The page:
Lanyon Asset Management has been a pro bono fund manager for Future Generation Australia (ASX: FGX) since 2014, but you’ve only just come on board as a Future Generation Global (ASX: FGG) fund manager. How do you think your investment style differentiates you from your global peers?

Nick: I think Lanyon sits in quite an obscure part of the investment manager spectrum. We’re a very low-risk, conservative manager, focused on delivering absolute returns and protecting our investors capital.

There are three key points of difference. The first is that we have a very conservative investing style, so we’re looking for inexpensive businesses with excellent franchises and great balance sheets. The reason I highlight this is that over the past 10 years, the market has drifted towards more risky growth businesses, facilitated by lower discount and interest rates. Lanyon has stuck to its knitting over that decade and really hasn’t deviated in its style.

The second point of difference is that Lanyon seeks absolute returns. Most investors are focused on delivering relative performance to the index, whereas Lanyon has always been an absolute investor. That typically pushes us down the risk curve because we’re looking for low-risk, absolute returns, rather than simply beating an index. That affects the business in terms of the portfolio composition; we’re happy to hold very high levels of cash and we only invest in businesses that we think are going to deliver a reasonable absolute performance over time.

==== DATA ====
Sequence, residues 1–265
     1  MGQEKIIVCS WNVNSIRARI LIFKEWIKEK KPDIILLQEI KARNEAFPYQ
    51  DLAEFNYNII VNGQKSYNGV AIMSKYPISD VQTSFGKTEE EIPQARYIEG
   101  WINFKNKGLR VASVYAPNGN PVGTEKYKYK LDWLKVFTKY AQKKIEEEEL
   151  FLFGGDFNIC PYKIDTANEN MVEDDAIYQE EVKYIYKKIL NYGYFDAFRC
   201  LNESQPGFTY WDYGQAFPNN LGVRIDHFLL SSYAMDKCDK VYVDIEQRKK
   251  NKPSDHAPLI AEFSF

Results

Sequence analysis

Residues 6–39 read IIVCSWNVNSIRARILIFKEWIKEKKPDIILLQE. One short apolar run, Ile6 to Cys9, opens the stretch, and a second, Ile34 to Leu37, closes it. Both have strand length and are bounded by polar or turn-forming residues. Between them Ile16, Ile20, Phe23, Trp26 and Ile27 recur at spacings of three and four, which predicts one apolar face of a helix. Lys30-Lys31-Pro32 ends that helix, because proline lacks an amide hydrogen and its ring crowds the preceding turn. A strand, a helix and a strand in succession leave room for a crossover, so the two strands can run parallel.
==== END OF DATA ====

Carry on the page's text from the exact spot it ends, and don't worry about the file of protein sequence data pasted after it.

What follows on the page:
The third thing that sets us apart is that we are a concentrated equity manager. We typically only invest in 10 -15 companies and we do all of our own research on those businesses.

During the market’s love affair with high growth tech stocks, there must have been periods when you started to doubt your strategy. How difficult was it to stick to your knitting?

Nick: Incredibly difficult. You feel like a bit of an idiot when some businesses are getting rerated daily and the businesses that you are invested in are having far less exciting investment outcomes. But, as I said before, we’re focused on delivering very good, risk-adjusted, absolute returns, rather than on what certain pockets of the market are doing on a day-to-day basis. Our investor base is very patient and they understand our investing style. They know we’re focused on businesses we understand, with excellent balance sheets and excellent core franchises. And, frankly, a lot of those businesses that were growing quickly didn’t really meet any or all of that criteria. Over the past 12 months, we’ve seen a lot of questionable business models coming unstuck.